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ryan2323 (Mechanical)
29 Sep 12 18:57
I am a recent graduate from tamu with a degree in mechanical engineering. I have been working in the oil and gas industry for NOV designing oil feild equipment for 8months.

I would like to work for a major oil and gas company doing drilling engineering or production engineering type of work.

I initially thought that I should get a MS in Pete engineering, but I would rather have work experience.

How do I get employed with a major(BP, ExxonMobile, ConocoPhillips, etc.) doing drilling engineering.

What is the work life as a drilling engineer such as total hours per week? Do you work shifts? Are you on call?





BigInch (Petroleum)
30 Sep 12 14:08
The majors don't do drilling. They sub that out to their drilling contractors... Transocean, Pioneer, Atwood, Precision, Rowan ..

"People will work for you with blood and sweat and tears if they work for what they believe in......" - Simon Sinek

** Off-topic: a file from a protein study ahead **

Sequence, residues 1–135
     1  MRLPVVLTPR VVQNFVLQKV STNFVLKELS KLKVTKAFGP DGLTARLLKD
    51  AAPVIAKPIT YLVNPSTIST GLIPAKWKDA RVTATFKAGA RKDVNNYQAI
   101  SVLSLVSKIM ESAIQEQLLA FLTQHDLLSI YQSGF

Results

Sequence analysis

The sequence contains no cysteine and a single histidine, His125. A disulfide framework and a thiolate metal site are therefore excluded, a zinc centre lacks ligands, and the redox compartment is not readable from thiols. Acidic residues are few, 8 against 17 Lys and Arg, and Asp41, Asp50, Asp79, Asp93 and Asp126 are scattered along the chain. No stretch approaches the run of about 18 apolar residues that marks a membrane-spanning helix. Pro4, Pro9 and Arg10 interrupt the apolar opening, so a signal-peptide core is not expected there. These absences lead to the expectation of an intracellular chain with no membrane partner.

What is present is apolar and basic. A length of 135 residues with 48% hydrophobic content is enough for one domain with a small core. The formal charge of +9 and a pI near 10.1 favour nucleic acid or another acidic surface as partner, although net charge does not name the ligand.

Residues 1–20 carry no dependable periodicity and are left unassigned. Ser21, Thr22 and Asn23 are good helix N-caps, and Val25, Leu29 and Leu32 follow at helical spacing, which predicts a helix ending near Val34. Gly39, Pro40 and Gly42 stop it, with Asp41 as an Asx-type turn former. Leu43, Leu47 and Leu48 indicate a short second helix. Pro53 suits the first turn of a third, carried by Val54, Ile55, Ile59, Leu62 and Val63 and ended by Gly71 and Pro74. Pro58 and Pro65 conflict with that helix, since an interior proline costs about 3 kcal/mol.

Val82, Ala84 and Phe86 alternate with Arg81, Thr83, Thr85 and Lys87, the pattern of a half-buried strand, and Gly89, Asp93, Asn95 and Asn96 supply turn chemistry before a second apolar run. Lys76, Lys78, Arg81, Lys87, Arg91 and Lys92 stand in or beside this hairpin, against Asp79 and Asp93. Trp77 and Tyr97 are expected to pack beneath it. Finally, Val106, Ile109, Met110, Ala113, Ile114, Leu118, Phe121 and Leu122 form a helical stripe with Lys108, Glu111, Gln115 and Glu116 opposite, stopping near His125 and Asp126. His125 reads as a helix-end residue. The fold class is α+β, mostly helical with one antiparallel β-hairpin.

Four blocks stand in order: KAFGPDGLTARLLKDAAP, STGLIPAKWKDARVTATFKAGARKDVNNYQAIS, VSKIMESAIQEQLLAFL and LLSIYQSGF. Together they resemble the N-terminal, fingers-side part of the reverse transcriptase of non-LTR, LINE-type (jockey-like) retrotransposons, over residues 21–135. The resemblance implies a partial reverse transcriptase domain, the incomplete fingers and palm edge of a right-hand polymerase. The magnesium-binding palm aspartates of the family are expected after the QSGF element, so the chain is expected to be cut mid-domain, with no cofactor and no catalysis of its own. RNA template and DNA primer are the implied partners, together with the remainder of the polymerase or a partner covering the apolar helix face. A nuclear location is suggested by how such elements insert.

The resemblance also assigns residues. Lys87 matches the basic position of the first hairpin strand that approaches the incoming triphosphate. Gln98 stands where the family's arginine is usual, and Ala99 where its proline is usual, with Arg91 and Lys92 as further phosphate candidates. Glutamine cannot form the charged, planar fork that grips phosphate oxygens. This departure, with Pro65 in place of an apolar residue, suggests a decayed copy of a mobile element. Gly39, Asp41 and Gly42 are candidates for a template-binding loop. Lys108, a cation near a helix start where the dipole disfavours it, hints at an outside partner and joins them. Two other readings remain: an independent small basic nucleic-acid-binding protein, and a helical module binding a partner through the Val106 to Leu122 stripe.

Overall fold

ryan2323 (Mechanical)
30 Sep 12 15:25
Don't the majors like ConocoPhillips have a peteroleum engineer at the drill site to support the company man to manage the drill site?
BigInch (Petroleum)
1 Oct 12 0:09
Theoretically, but in any case you don't get there with an entry level position.
You gotta do the time and pay some dues before you get to the cush jobs.
15-20 years should be enough, if you're good.

"People will work for you with blood and sweat and tears if they work for what they believe in......" - Simon Sinek

ryan2323 (Mechanical)
2 Oct 12 0:17
Why do companies hire drilling engineers at entry level for ConocoPhillips and chevron, bhp billion?
BigInch (Petroleum)
2 Oct 12 8:26
Have they started doing that. I don't know why. Maybe they want to get some shale gas while its still legal.

"People will work for you with blood and sweat and tears if they work for what they believe in......" - Simon Sinek

ryan2323 (Mechanical)
2 Oct 12 18:55
Can I get on with a major with a mechanical engineering background from tamu.and if so where do I start. I want to do somekind of peteroleum engineering and start building my resume do peteroleum engineering.
BigInch (Petroleum)
2 Oct 12 23:56
Drive to Houston, or see the TAMU student employment office. At UT we had one that assisted with new graduate placement. They know all the phone numbers.